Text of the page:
Sunday, July 22, 2007
It's so heartening to see the first female flowers on the squash plants as there can be a long succession of male only, particularly early in the season. And you can already begin to see evidence of the shape, colour and markings of the mature fruit in the unfertilized ovaries.
John Loudon, a best selling garden writer at the turn of the 19th century commented on the growing of squash that " The seeds of pumpkin are scattered in the field, when planting corn, and no further trouble is necessary than throwing them into the wagon when ripe."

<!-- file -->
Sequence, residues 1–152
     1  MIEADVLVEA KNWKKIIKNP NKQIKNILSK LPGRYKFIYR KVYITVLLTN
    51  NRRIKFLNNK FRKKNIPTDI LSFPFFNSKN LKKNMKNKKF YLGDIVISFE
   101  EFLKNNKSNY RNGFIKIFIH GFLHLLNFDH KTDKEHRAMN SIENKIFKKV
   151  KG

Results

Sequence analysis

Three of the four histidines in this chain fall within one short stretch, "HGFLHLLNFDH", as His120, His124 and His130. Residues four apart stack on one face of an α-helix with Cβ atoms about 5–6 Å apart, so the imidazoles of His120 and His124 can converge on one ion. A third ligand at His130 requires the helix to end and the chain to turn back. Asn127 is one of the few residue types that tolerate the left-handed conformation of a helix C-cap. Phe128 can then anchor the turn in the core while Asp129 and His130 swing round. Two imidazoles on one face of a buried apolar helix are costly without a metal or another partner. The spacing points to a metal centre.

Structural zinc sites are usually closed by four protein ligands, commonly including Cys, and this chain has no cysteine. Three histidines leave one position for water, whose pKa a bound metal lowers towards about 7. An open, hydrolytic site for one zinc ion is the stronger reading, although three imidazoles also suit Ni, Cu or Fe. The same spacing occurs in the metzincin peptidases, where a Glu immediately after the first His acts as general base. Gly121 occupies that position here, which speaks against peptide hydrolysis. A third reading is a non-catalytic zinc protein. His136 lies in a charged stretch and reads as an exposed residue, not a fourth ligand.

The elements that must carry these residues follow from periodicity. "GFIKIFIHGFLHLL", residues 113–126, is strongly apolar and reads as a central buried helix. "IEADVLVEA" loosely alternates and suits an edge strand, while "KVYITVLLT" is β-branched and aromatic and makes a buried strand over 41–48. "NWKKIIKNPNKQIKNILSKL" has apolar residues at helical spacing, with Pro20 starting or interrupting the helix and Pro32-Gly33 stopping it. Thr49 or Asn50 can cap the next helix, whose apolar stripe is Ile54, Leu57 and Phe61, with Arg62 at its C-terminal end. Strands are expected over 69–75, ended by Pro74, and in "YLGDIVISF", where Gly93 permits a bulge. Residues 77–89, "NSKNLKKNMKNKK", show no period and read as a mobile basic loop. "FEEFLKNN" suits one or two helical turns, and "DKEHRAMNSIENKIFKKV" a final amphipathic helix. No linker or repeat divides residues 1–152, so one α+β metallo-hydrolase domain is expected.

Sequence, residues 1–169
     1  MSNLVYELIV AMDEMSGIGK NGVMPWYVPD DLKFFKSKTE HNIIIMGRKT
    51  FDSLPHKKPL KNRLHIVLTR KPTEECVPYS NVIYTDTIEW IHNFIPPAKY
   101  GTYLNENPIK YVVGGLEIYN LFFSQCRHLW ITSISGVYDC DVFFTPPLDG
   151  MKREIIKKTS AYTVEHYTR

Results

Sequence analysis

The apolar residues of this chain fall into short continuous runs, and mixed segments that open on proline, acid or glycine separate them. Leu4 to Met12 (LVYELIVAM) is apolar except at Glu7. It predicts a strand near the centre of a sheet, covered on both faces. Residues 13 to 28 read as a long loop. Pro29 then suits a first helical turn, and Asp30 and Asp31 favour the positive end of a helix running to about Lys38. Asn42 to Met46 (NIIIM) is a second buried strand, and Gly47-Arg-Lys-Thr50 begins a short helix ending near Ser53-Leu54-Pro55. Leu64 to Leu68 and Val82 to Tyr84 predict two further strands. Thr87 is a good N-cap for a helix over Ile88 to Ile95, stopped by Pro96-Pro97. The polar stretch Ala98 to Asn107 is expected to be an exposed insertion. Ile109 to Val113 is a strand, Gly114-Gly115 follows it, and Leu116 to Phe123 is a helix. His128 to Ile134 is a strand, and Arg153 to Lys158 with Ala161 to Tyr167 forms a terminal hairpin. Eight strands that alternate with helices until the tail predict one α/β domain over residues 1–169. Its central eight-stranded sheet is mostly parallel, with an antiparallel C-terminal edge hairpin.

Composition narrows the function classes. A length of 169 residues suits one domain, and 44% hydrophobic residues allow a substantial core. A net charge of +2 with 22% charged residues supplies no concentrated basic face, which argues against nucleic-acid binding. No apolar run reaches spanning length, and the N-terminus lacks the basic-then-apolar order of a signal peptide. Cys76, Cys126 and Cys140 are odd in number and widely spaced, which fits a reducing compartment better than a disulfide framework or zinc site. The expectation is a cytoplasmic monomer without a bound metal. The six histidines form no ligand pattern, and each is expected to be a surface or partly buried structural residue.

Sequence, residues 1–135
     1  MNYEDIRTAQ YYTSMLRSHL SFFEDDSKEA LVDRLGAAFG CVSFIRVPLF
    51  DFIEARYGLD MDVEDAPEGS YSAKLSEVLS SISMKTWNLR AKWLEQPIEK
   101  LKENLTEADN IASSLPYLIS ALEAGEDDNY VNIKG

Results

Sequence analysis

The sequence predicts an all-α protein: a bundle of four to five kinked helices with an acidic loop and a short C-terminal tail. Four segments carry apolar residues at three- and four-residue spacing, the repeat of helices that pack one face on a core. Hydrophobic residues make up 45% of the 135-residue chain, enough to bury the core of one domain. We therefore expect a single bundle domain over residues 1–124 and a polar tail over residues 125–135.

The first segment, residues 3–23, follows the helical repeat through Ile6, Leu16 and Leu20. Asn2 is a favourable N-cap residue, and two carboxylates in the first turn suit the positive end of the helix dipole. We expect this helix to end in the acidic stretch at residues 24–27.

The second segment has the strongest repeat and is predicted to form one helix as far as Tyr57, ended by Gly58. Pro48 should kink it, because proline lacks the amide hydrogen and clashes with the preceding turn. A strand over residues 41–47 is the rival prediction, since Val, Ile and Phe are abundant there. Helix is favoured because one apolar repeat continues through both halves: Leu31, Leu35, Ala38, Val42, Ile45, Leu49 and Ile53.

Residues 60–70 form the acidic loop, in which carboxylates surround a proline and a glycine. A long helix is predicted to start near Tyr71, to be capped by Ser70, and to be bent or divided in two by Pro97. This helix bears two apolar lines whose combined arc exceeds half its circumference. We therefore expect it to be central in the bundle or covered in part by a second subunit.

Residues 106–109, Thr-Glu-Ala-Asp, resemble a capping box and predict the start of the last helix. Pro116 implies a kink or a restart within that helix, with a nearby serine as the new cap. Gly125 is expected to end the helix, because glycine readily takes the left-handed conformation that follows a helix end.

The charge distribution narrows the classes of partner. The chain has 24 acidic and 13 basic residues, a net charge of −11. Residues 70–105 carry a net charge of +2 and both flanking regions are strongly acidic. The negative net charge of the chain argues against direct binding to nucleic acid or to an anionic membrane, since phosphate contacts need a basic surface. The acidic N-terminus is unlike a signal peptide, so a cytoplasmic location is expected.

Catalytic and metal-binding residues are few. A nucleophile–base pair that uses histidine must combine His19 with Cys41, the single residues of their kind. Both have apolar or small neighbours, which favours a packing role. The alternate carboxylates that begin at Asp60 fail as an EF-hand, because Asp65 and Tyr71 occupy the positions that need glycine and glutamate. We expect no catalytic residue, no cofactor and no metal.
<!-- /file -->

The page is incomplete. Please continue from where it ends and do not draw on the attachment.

While I know this to be essentially true, I still go and check on them daily and wring my hands when the fruit doesn't develop but just turns yellow and drops off. Some plants wait until late August to start producing a real fruit. I have a couple of plants that have only managed one or two male flowers so far. Some of the factors affecting flower production and sexual expression such as temperature, daylength and light intensity, I know I can do nothing about anyway. So I'll take comfort in the evidence of past harvests.